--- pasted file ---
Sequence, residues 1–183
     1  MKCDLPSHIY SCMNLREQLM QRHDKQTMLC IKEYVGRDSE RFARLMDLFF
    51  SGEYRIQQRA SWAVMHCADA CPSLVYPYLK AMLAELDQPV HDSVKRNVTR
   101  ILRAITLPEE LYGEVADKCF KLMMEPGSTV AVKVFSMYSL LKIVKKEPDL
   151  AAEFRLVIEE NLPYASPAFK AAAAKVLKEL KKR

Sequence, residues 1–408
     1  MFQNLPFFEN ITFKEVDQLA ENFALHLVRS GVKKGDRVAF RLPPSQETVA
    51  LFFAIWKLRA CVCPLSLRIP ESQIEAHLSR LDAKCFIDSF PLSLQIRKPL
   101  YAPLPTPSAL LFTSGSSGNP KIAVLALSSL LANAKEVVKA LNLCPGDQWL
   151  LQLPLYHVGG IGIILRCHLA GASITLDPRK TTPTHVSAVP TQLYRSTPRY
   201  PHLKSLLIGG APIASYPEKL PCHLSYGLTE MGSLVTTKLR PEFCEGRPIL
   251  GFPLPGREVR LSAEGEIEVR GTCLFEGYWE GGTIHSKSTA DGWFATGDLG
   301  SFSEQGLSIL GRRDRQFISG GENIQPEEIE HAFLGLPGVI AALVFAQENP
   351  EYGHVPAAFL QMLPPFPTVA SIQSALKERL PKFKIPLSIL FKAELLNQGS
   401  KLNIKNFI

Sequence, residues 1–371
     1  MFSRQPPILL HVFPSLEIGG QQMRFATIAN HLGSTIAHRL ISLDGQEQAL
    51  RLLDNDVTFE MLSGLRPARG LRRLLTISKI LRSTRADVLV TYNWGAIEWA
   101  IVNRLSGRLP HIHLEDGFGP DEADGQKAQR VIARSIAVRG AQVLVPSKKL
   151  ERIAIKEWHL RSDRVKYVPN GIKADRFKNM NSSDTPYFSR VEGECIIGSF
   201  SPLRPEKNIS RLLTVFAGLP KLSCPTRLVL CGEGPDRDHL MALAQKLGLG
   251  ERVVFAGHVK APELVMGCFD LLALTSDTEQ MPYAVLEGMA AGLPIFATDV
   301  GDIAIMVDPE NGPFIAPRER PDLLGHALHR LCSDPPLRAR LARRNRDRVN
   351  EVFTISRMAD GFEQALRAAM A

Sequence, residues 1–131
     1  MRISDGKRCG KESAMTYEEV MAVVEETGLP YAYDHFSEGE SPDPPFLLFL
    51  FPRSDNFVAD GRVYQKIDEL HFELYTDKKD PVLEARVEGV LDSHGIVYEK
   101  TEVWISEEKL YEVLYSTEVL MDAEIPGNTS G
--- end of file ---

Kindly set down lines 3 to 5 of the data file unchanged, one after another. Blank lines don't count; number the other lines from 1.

    51  SGEYRIQQRA SWAVMHCADA CPSLVYPYLK AMLAELDQPV HDSVKRNVTR
   101  ILRAITLPEE LYGEVADKCF KLMMEPGSTV AVKVFSMYSL LKIVKKEPDL
   151  AAEFRLVIEE NLPYASPAFK AAAAKVLKEL KKR